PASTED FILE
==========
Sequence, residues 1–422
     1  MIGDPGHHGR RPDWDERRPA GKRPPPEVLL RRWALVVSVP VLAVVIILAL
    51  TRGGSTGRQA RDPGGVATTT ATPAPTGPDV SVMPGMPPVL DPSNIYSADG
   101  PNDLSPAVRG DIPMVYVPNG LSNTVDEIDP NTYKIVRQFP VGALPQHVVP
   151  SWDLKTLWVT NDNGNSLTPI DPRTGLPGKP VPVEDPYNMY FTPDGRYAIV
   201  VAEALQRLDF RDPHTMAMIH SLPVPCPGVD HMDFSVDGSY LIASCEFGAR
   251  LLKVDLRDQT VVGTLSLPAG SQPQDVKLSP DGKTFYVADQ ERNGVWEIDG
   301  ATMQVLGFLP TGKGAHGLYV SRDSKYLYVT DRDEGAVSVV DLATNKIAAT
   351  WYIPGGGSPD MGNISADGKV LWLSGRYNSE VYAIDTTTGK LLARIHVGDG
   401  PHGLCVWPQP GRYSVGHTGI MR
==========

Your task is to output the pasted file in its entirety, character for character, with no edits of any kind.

Sequence, residues 1–422
     1  MIGDPGHHGR RPDWDERRPA GKRPPPEVLL RRWALVVSVP VLAVVIILAL
    51  TRGGSTGRQA RDPGGVATTT ATPAPTGPDV SVMPGMPPVL DPSNIYSADG
   101  PNDLSPAVRG DIPMVYVPNG LSNTVDEIDP NTYKIVRQFP VGALPQHVVP
   151  SWDLKTLWVT NDNGNSLTPI DPRTGLPGKP VPVEDPYNMY FTPDGRYAIV
   201  VAEALQRLDF RDPHTMAMIH SLPVPCPGVD HMDFSVDGSY LIASCEFGAR
   251  LLKVDLRDQT VVGTLSLPAG SQPQDVKLSP DGKTFYVADQ ERNGVWEIDG
   301  ATMQVLGFLP TGKGAHGLYV SRDSKYLYVT DRDEGAVSVV DLATNKIAAT
   351  WYIPGGGSPD MGNISADGKV LWLSGRYNSE VYAIDTTTGK LLARIHVGDG
   401  PHGLCVWPQP GRYSVGHTGI MR